Pages about research ethics at the UofA
REMO: you'll use this site to get ethics approvals for your research projects
Tri-Council Policy Statement: Ethical Conduct for Research Involving Humans (read selectively). The following is a summary extract:
Article 1.1 The guidelines in this Policy are based on the following three core principles:
- Respect for Persons
- Concern for Welfare
Respect for Persons
Respect for Persons recognizes the intrinsic value of human beings and the respect and consideration that they are due. It encompasses the treatment of persons involved in research directly as participants and those who are participants because their data or human biological materials, which for the purposes of this Policy include materials related to human reproduction, are used in research. Respect for Persons incorporates the dual moral obligations to respect autonomy and to protect those with developing, impaired or diminished autonomy.
Concern for Welfare
The welfare of a person is the quality of that person’s experience of life in all its aspects. Welfare consists of the impact on individuals of factors such as their physical, mental and spiritual health, as well as their physical, economic and social circumstances. Thus, determinants of welfare can include housing, employment, security, family life, community membership, and social participation, among other aspects of life. Other contributing factors to welfare are privacy and the control of information about the person, and the treatment of human biological materials according to the free, informed and ongoing consent of the person who was the source of the information or materials. A person’s or group’s welfare is also affected by the welfare of those who are important to them. Harm includes any negative effects on welfare, broadly construed.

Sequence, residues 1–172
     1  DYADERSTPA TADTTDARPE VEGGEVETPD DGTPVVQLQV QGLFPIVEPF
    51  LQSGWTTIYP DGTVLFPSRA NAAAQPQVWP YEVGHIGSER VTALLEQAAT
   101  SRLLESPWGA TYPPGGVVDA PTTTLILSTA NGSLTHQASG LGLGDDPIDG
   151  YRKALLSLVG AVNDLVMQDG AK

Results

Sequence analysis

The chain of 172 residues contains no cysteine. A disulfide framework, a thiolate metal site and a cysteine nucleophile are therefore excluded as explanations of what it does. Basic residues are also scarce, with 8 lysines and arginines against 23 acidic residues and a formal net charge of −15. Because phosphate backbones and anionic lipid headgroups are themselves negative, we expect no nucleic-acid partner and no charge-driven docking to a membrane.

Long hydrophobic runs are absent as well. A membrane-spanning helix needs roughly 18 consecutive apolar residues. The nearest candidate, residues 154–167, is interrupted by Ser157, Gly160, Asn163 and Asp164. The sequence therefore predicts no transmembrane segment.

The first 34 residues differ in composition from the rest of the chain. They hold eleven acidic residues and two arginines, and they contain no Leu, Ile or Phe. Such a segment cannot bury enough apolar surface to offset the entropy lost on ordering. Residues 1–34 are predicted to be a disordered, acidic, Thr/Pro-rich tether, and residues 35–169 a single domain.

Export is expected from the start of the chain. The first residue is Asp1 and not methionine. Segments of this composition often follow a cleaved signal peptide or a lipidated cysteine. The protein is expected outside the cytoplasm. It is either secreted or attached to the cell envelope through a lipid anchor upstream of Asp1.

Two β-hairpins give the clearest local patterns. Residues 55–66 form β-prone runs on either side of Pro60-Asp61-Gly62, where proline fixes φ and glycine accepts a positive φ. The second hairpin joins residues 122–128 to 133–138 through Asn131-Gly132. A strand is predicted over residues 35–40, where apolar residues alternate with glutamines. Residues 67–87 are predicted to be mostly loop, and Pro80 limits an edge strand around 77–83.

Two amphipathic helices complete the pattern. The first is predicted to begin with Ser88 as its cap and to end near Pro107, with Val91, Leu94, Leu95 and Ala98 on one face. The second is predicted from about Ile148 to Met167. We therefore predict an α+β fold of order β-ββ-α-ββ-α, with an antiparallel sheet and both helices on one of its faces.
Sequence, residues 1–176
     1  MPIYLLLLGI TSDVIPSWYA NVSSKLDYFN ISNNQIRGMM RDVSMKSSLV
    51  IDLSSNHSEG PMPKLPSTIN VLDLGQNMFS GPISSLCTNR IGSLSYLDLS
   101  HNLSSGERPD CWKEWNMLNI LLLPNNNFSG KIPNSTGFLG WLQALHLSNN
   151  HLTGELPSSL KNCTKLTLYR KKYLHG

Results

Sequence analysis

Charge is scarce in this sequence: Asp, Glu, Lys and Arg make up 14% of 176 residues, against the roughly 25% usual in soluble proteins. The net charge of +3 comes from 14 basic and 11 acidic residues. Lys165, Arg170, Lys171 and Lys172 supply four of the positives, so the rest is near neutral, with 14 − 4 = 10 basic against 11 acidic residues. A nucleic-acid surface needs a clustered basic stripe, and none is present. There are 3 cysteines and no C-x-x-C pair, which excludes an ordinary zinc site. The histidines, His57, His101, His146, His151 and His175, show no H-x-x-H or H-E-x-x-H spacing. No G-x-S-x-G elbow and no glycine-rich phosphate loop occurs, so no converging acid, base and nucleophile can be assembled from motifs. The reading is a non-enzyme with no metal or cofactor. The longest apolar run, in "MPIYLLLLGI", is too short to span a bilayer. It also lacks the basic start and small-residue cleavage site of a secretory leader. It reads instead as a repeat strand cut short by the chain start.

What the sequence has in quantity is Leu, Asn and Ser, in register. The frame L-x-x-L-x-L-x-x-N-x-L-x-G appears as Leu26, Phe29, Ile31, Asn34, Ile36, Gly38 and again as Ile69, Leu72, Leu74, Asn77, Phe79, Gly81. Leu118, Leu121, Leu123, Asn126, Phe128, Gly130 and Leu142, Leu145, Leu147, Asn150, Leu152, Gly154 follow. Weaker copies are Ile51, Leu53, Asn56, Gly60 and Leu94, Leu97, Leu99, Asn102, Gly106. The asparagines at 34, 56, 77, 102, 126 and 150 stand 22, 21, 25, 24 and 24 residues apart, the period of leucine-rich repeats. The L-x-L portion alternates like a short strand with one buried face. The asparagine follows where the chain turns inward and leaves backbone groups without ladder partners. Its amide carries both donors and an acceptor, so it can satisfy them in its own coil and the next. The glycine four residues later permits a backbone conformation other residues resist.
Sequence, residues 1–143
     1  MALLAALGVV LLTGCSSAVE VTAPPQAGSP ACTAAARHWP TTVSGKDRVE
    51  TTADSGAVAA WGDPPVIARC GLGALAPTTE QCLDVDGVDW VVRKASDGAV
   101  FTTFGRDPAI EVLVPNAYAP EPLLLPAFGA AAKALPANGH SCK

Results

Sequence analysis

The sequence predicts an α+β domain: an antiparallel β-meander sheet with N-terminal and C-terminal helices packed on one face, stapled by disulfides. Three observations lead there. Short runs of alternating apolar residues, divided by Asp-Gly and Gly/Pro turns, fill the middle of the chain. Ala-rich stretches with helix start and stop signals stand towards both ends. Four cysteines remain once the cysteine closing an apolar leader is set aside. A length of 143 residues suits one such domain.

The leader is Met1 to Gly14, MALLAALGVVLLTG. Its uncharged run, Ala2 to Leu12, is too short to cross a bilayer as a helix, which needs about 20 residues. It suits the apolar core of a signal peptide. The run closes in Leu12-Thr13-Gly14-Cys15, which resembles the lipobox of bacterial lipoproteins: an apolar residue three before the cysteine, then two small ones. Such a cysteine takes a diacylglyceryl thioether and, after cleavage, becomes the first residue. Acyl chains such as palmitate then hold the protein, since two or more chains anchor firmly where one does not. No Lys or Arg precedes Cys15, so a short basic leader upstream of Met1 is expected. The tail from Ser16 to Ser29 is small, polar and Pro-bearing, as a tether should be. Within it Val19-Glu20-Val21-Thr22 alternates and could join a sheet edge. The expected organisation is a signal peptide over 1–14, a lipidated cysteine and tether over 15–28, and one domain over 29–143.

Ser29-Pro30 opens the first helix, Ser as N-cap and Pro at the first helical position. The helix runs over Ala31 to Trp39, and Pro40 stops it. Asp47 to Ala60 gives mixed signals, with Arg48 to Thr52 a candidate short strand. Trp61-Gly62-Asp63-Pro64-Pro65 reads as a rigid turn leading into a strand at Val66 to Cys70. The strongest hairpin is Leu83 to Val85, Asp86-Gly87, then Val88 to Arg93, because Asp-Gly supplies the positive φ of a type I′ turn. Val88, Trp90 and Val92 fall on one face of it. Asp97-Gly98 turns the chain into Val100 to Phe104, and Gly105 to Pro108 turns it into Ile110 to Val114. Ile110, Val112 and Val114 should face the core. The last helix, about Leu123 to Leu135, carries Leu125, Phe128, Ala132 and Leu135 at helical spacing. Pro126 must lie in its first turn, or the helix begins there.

Justice refers to the obligation to treat people fairly and equitably. Fairness entails treating all people with equal respect and concern. Equity requires distributing the benefits and burdens of research participation in such a way that no segment of the population is unduly burdened by the harms of research or denied the benefits of the knowledge generated from it.